PHILADELPHIA—A team of researchers from Weill CornellMedical College in New York has discovered a method for reprogramming diffuse,large B-cell lymphomas (DLBCLs) that are resistant to chemotherapy, through theuse of the drug azacitidine. Azacitidine, also known as VIDAZA, is a nucleosidemetabolic inhibitor indicated from the treatment of the bone marrow disordermyelodysplastic syndrome. DLBCL is a cancer of the white blood cells thatproduce antibodies, and represents the most common type of non-Hodgkin lymphomain adults.
The researchers conducted a Phase I trial in 12 patients recentlydiagnosed with DLBCL, 11 of whom were more than 60 years old at diagnosis,putting them at a high risk for tumor recurrence after initial treatment. Thepatients received azacitidine, in escalating doses, eight days before beginningsix cycles of standard chemotherapy. Of the dozen patients, 11 demonstrated acomplete response, and 10 remained in complete remission for up to 28 months.Additionally, side effects from azacitidine were minimal, though two patientswho received the maximum dose of the drug had dose-limiting toxicities.
"When lymphomas are formed, they shut down the cellularprograms that sense that something is wrong in the cells. Once these fail-safemechanisms that trigger cell death are shut down, it becomes difficult to killthe tumor with chemotherapy," said Leandro Cerchietti, M.D., assistantprofessor at the Hematology and Oncology Division of Weill Cornell MedicalCollege in New York and a corresponding author for the study. "Our study showedthat using low concentrations of the DNA methyltransferase inhibitorsdecitabine or azacitidine, these fail-safe mechanisms can slowly be awakened toinduce lymphoma cell death when chemotherapy is administered."
"We showed that aggressive lymphomas can be reprogrammed toa more benign disease," he added. "We think this work has the potential tochange the standard of care for patients with aggressive lymphomas."
Preclinical experiments helped Cerchietti and his colleaguesdetermine how lymphomas, which demonstrate a significant resistance tochemotherapy, avoid these cancer-killing drugs. What they found was that allDLBCLs present with a high degree of aberrant DNA methylation, which "silences"certain genes, leads to chemotherapy resistance. SMAD1 was among the genes thatwere found to be silenced in DLBCLs.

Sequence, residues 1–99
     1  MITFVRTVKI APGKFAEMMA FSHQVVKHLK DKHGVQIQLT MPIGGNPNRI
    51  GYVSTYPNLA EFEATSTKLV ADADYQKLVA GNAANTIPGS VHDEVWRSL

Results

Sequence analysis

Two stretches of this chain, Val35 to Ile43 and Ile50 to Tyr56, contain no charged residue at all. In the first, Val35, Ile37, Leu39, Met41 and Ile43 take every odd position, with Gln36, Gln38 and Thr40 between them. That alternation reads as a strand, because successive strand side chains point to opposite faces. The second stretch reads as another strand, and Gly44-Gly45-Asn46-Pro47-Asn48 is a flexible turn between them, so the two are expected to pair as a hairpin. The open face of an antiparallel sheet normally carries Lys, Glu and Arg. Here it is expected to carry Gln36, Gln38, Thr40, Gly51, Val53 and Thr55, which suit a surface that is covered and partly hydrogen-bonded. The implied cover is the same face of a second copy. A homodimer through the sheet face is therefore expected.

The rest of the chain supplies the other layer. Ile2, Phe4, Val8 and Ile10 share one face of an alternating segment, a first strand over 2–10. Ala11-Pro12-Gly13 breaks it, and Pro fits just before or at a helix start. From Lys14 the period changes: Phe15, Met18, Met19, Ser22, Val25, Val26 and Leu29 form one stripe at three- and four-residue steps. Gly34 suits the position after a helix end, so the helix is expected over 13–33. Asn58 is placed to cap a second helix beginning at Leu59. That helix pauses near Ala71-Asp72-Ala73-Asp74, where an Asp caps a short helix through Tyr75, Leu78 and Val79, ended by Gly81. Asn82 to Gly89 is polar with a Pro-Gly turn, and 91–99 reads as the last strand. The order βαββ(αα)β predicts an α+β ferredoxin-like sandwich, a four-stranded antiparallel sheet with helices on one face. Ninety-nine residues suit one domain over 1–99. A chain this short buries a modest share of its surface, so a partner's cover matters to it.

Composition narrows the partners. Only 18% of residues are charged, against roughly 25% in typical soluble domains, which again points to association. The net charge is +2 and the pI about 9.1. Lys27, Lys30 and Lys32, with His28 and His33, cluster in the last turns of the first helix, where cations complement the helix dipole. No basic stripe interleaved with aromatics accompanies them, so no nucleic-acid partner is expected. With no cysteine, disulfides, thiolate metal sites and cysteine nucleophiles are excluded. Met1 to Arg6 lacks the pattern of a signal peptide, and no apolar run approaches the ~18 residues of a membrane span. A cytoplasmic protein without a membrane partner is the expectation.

"SMAD1 is part of a family of intracellular proteinsinvolved in informing the cellular nucleus about the conditions of themicroenvironment," Cerchietti explains. "Specifically, SMAD1 respond to thepresence of extracellular proteins called BMP (and in lymphoma cells also TGFB)and acts a transcription factor regulating the expression of genes involved incell cycle arrest and senescence induction."
In biopsy specimens collected from the study participants,the researchers found that following azacitidine treatment, methylation ofSMAD1 decreased while the SMAD1 protein increased, giving them proof ofprinciple. Tests with DLBCL cells and mice with human lymphoma xenograftsshowed that DNA methyltransferase inhibitors, such as azacitidine, are mosteffective when administered before chemotherapy, not simultaneously.
The aberrant DNA methylation seen in DLBCL is common inseveral hematological malignancies and solid tumors, says Cerchietti, such ascolorectal, lung, breast, prostate and ovarian cancers. And while targetingSMAD1 in other cancers might not be an option, since the gene is tissuespecific, "we think this approach will work in other cancer types in whichaberrant DNA methylation is associated with silencing of genes that are importantfor response to chemotherapy and other treatments."
The next step, says Cerchietti, is to test this approach ina larger cohort of those with aggressive DLBCL, with the drug administered fora longer period of time. Cerchietti and colleagues have clinical trialsunderway to test this approach in lymphoma patients whose tumors did notrespond to standard therapies, and they are moving into larger, multi-centertrials of this treatment in other cancer types as well.